With a subway and bus fare hike looming, the Metropolitan Transportation Authority board was expected to vote on one of two fare increase options at its meeting Thursday, either a $3 base fare or the elimination of bonuses for putting more than one ride’s money on a Metrocard at one time. But Larry Schwartz, Governor Andrew Cuomo’s appointee to the board and his former chief of staff, has revealed that he plans to introduce a third option that the public has not yet seen.
Schwartz told The New York Times that under his proposal, fare increases would be tied to improvements in service, though he did not provide specifics. Neither Schwartz nor the MTA immediately responded to Gothamist requests for more information on the new fare proposal.
In order to vote on any new fare hike plan, according to board member Andrew Albert and others, the MTA would first require 14 days notice and another public hearing before holding a board vote.
The capital plan approved by the MTA in December relies on a fare increase to generate $316 million a year in revenue, which the authority says it badly needs to stave off increasing deficits. The current fare proposals would either keep base fares at $2.75 and eliminate any bonus for bulk purchases, or raise base fares to $3 and increase the bonus to 10 percent with a purchase of $6 or more. Under both proposals unlimited monthly cards would increase from $121 to either $126.25 or $127.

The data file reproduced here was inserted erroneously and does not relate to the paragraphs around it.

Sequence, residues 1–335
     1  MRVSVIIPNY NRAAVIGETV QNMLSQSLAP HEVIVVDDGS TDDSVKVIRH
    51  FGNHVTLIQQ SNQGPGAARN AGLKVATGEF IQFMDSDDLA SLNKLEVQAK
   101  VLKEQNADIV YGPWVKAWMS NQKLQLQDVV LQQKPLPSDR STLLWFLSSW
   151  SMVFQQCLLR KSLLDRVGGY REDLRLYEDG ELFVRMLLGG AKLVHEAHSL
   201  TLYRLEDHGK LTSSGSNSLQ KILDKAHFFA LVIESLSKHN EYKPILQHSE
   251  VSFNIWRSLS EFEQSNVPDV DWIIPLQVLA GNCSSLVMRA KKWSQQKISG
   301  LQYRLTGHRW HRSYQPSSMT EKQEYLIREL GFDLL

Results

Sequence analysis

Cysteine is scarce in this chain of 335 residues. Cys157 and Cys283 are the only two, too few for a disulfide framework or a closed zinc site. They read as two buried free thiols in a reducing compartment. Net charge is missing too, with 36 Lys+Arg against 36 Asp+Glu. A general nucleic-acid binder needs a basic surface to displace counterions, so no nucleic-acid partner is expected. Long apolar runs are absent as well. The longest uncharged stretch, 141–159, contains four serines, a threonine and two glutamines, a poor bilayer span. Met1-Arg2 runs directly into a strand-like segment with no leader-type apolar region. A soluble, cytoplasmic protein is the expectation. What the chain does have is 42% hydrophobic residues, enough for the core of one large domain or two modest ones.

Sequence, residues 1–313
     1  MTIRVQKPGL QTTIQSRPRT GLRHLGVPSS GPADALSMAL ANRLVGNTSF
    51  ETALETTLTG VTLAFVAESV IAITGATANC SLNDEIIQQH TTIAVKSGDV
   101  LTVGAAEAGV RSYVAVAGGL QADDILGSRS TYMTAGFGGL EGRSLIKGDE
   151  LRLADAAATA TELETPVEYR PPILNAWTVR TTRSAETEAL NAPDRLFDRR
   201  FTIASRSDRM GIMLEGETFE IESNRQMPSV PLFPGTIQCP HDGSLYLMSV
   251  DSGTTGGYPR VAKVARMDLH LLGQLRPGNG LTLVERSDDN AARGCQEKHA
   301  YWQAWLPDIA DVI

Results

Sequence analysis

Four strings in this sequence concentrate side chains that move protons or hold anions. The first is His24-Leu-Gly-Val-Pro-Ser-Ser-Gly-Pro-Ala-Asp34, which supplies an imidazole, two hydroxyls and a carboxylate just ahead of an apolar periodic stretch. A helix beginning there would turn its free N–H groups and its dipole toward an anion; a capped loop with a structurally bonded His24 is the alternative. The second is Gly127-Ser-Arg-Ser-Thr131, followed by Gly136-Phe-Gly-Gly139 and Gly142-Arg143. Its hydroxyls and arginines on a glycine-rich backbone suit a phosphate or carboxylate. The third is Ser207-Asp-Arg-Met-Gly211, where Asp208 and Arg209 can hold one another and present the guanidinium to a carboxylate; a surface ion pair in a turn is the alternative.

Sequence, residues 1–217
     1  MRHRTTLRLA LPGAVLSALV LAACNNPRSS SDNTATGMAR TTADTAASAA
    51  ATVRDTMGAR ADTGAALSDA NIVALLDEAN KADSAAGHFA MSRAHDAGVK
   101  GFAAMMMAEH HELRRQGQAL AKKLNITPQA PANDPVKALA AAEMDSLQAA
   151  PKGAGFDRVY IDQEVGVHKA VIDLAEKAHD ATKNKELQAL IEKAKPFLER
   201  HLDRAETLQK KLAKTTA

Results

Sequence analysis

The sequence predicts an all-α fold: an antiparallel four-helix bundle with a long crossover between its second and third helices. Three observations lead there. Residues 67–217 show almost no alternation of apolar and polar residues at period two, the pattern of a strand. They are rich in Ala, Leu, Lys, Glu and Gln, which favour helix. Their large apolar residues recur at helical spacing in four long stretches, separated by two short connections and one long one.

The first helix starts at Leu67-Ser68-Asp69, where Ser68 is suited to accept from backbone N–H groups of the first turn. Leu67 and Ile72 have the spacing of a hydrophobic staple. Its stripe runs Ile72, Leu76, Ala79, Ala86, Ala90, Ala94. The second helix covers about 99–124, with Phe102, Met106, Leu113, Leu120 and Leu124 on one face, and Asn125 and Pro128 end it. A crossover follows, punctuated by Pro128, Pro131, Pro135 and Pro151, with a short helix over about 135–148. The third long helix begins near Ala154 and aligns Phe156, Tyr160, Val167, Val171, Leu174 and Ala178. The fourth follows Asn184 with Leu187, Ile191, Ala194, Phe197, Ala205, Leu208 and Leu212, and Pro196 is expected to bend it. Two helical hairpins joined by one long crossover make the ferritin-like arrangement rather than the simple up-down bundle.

The governor controls a plurality of the MTA board. But Cuomo has repeatedly said he’s against the fare hike and that he doesn’t control the MTA. Speaking on WNYC’s Brian Lehrer Show Wednesday, he declined to say whether he’s instructed his appointed board members how to vote on the fare increases.
“I’m in favor of more revenue. I’m in favor of congestion pricing, it’s a billion dollars a year,” Cuomo said. “I get the need for the funding, I also get that the bureaucracy is not working. We all know that.”
The fare increase was originally scheduled to go into effect in March. The MTA stands to lose $30 million a month if the fare increase isn’t enacted, MTA Chief Financial Officer Bob Foran said at an MTA committee meeting on Monday.
A spokesperson for the Regional Plan Association said the organization hasn’t heard of other city transit systems that tied performance to fare rates—although NJ Transit did offer 10 percent discounts to riders last fall in anticipation of service declines.
Lisa Daglian, Executive Director of the Permanent Citizens Advisory Committee to the MTA, said she hasn’t seen Schwartz’s plan, but has a lot of questions about it: If there’s a performance threshold each agency must meet, who sets the standards? Can the MTA do it or will it require legislation? Who enforces the rules?
“To me it’d seem, logistically, that it’d be difficult to implement quickly,” she told Gothamist. “It’s not something you can rush into, we need to get a better understanding of all the different moving parts to it.”
Daglian is certain about two things: Schwartz’s new proposal will need to go through a public hearing process. And she’ll bring snacks to Thursday’s board meeting—it’s sure to be a long one.